: Legendary songwriter, Nobel laureate, and all-time master of not giving a single, flaming shit. The poet already raised some eyebrows when he won the Nobel Prize in Literature last year and didn't say anything about it– except that he wasn't going to show up to the award ceremony. It wasn't even clear if he was going to do the lecture required to receive the prize, but he finally did a couple weeks ago. You can listen to the lecture in full online, and it's not half bad, especially if you're a Dylan fan who wanted to learn more about his life and music from the source. As expected from anyone worthy of the highest award in literature, the lecture was articulate and well-spoken, filled with plenty of memorable lines that could only be delivered by an artist like Dylan– But as it turns out, some of those lines may not have been totally his.
After being available to the public for about a week, some keen eyed listeners have pointed out that Dylan may have copied passages from SparkNotes, the book series and website that summarizes major works of literature. The site has helped high schoolers the world over pretend they've read The Scarlett Letter
, and apparently the legendary Dylan needed some help remembering what happened in Moby Dick
. Andrea Pitzer for Slate
complied several passages where the wording between SprkNotes and Dylan are noticeably similar. For one example, here's a quote from SparkNotes' Moby Dick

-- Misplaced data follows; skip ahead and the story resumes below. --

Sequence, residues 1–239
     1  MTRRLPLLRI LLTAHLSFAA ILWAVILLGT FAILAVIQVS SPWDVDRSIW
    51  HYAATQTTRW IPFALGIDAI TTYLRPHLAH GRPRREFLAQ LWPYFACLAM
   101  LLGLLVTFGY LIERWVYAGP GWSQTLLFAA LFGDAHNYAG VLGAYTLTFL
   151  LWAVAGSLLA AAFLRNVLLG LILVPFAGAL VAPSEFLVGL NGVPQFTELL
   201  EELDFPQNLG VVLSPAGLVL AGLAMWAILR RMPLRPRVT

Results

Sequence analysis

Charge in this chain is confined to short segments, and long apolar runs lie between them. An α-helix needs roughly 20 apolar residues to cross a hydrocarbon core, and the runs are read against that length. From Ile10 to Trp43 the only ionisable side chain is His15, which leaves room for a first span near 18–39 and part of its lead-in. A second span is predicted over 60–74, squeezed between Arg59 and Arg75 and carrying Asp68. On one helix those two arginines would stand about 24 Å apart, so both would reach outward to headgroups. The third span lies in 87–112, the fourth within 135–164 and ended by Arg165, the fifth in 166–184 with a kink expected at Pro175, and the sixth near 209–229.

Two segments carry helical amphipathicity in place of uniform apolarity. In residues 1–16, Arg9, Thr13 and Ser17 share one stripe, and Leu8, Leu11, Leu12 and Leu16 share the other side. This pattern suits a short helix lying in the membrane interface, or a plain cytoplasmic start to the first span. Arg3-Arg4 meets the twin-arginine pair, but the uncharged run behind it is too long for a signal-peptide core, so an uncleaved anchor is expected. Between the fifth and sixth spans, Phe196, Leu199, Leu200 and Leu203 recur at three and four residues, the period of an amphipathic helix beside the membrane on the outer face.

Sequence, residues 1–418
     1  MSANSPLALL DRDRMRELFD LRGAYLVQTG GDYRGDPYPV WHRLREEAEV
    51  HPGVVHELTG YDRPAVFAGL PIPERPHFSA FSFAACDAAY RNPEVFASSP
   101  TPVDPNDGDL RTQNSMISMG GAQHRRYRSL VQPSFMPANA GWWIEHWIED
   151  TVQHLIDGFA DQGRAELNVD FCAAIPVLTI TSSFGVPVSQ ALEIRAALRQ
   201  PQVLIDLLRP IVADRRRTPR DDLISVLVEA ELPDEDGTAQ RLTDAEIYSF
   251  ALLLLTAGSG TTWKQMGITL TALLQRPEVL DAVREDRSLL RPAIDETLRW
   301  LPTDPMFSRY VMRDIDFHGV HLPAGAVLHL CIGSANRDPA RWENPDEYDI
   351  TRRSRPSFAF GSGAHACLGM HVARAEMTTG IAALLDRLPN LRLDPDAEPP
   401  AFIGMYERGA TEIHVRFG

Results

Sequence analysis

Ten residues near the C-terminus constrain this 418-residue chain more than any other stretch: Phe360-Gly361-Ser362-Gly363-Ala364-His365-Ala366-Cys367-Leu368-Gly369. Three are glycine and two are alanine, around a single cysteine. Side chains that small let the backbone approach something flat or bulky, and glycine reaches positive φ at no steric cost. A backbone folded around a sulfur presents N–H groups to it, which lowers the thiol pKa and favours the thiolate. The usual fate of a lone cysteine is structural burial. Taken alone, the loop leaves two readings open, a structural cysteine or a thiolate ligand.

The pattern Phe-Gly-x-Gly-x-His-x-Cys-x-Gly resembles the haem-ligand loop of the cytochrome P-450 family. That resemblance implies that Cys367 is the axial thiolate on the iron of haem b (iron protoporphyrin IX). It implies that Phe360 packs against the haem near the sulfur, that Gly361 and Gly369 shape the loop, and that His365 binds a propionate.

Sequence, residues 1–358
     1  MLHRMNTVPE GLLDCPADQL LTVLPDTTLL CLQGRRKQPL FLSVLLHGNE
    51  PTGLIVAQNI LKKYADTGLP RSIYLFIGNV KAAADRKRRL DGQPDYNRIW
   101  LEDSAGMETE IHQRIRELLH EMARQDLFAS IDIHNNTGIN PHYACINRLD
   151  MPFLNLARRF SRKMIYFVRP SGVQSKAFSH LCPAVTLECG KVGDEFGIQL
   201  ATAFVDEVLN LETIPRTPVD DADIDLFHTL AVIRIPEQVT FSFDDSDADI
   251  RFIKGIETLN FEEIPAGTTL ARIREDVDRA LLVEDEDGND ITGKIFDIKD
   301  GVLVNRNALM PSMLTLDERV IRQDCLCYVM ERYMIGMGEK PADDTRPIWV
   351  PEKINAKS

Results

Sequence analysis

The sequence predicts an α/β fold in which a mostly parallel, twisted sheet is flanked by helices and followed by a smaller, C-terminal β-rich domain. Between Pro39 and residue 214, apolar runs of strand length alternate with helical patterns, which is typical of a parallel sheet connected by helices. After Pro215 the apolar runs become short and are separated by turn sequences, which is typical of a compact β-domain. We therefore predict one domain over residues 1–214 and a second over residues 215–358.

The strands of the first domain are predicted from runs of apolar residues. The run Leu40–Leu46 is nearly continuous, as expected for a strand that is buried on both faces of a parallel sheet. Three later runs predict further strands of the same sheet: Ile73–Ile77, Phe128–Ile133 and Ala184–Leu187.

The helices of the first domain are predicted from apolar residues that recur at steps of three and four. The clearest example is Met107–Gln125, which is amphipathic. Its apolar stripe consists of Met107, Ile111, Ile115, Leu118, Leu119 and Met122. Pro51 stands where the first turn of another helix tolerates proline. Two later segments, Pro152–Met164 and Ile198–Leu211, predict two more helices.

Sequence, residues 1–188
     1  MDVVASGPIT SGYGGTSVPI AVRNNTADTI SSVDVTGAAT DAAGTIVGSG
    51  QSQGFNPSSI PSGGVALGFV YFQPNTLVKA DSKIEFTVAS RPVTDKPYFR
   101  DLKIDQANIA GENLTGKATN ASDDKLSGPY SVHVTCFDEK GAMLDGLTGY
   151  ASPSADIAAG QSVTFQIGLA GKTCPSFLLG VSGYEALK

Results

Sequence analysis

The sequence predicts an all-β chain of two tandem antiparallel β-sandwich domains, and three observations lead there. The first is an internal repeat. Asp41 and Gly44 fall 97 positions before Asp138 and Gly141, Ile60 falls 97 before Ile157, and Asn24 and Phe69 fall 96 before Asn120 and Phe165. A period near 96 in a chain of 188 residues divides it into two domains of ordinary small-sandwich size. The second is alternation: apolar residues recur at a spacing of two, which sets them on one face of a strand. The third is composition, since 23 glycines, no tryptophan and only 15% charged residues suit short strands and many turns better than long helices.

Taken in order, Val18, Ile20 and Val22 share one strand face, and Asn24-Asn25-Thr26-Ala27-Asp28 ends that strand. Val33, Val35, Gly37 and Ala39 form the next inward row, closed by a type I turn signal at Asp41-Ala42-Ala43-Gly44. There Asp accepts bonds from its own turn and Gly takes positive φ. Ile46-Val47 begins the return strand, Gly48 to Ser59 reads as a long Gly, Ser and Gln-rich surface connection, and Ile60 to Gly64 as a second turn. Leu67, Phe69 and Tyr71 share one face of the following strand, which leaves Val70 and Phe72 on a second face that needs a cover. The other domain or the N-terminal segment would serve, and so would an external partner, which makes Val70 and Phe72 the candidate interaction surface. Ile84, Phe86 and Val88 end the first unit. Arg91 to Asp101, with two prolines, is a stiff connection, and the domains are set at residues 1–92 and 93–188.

"One of the ships...carries Gabriel, a crazed prophet who predicts doom."
And here's a quote from Dylan's lecture:
"There's a crazy prophet, Gabriel, on one of the vessels, and he predicts Ahab's doom."
There are many more examples where that came from, at least 20 according to Pitzer. While many people may find this shocking news, particularly people who didn't think Dylan deserved the Nobel in the first place, longtime fans are likely incredibly unsurprised. In fact, it arguably would've been a bigger shock if Dylan didn't
try to rip off someone's work as his own, as the man has a history of copying in recent years. Just last year, he was accused
of recreating a photo posted on Flickr as part of his 2016 painting exhibit, which is similar to an accusation in 2011
over a completely different painting. Dylan has always had his naysayers claiming a lack of originality, but in recent years, he's been pretty blatantly plagiarizing without much effort to cover it up. For many fans, this fact is just another reason Bob Dylan is a hard man to love, but as we've talked about before
, he's built a career off of doing whatever the hell he wants. He still has plenty of great work he actually
wrote, and let's face it: Even the best of us have used SparkNotes. Lord knows that website saved my ass when I read The Tempest
So is this Nobel plagiarism disrespectful? Yeah, it's arguably not the coolest thing to do. But is it completely in Dylan's character, a slightly senile old man who will forever do the opposite of what people want and expect from him? No doubt about it, and in the end, that's why fans love the great Robert Allen Zimmerman.